Fishbowl New York reported that Vanity Fair editor Graydon Carter recently described Williamsburg just so: “Literally I could have been going to Chad,” said Carter. “It was not what I expected. The architecture wasn’t as interesting or as baroque or as industrial — it looked like Queens to me.”
Has anyone been to Chad? Based on Carter’s experience, I certainly want to go! I heart Williamsburg, Brooklyn and all that it is.
I’m quite fond of some good ol’ clichés; I use them and I’ve come across many in recent articles. Yet they are considered a no-no in writing.
Cliché, defined: a phrase or idea that has been used so often that it is no longer interesting or effective. (Source: Oxford American Dictionary)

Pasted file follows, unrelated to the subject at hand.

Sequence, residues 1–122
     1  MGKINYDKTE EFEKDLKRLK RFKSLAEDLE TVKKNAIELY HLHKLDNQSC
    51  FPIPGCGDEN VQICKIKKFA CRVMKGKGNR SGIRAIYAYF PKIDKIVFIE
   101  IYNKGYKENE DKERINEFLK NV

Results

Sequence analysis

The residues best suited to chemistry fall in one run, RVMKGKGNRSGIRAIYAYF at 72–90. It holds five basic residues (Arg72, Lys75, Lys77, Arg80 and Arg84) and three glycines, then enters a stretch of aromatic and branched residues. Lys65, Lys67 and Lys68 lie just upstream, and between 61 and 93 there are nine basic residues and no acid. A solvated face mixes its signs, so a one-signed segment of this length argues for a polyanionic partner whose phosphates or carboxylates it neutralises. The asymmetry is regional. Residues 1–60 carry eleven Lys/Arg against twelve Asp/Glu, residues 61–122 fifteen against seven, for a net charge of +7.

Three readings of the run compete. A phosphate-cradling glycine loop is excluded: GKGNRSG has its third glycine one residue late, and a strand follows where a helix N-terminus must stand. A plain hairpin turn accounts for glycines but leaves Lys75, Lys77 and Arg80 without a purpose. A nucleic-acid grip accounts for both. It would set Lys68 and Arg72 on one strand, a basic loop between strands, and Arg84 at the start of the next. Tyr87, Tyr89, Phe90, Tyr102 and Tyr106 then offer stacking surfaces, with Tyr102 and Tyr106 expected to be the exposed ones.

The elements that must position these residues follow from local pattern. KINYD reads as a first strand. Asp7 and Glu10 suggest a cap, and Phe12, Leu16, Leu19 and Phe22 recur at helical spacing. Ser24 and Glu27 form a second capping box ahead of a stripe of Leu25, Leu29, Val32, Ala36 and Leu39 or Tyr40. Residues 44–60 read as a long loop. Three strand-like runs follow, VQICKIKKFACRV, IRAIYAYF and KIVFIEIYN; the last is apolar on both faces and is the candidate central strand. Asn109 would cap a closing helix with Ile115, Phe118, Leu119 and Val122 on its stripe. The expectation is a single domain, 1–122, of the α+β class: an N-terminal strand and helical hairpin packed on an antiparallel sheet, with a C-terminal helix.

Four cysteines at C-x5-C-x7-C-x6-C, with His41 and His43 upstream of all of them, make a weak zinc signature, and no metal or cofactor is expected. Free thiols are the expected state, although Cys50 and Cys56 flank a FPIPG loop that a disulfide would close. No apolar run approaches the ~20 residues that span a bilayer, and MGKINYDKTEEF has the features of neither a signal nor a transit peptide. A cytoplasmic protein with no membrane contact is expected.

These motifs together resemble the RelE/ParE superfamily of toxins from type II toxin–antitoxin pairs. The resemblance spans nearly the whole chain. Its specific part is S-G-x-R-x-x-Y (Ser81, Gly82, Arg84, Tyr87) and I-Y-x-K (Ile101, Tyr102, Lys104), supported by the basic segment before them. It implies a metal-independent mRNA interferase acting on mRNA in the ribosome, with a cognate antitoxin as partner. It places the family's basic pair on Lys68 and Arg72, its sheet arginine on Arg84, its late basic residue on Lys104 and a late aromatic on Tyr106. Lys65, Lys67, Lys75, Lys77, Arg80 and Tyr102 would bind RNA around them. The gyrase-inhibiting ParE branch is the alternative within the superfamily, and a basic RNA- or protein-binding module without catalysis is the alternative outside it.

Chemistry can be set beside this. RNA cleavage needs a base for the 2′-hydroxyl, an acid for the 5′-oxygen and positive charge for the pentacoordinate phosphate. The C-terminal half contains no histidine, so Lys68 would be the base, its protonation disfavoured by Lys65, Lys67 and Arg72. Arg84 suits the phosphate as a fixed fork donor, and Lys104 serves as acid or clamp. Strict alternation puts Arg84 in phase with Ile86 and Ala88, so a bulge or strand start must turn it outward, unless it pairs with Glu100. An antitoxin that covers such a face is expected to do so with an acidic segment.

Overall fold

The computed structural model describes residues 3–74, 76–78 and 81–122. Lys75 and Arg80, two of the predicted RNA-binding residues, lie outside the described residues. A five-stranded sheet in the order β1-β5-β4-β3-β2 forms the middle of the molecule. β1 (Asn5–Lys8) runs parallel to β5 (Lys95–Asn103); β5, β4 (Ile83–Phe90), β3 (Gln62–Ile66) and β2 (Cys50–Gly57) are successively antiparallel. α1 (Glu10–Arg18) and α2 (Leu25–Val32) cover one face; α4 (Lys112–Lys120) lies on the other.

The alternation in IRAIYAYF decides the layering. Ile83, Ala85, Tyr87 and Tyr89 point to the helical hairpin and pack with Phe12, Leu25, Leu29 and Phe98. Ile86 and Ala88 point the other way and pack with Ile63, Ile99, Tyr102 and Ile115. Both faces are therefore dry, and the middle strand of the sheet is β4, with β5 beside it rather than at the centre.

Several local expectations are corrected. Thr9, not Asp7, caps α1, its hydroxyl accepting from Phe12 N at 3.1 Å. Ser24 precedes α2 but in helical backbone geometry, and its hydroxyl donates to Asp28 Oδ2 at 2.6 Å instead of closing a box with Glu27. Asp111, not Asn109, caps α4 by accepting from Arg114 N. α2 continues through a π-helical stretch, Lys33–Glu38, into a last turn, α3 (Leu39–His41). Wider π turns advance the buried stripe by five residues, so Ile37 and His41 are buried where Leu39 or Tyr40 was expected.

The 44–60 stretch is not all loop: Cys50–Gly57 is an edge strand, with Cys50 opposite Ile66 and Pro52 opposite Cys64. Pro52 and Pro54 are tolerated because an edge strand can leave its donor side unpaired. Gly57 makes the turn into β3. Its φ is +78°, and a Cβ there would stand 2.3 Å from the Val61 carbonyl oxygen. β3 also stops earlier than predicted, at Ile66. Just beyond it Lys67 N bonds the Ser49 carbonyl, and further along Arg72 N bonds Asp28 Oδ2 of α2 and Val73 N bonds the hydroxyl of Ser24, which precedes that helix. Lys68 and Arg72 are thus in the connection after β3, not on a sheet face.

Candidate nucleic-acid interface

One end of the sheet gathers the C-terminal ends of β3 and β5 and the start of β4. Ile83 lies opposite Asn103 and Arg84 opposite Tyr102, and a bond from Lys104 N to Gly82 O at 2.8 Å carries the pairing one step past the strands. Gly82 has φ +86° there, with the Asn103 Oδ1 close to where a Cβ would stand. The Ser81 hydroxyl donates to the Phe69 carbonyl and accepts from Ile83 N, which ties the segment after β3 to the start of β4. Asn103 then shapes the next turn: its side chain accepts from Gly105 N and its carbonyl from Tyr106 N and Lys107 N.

There’s a reason why a cliché is a cliché; like a quote, sometimes it describes something so succinctly, that – depending on the nature of the writing – it might be just the right wording you’re looking for.
Recently, I read an article in the New York Times by A.A.Gill: My London, and Welcome to It, that was dotted with clichés; from phrases such as the river runs like dark silk through the heart of the city, to non-specific words like charming,wonderful, and beautiful.
Reading his prose, I thought it brilliant; I wasn’t…
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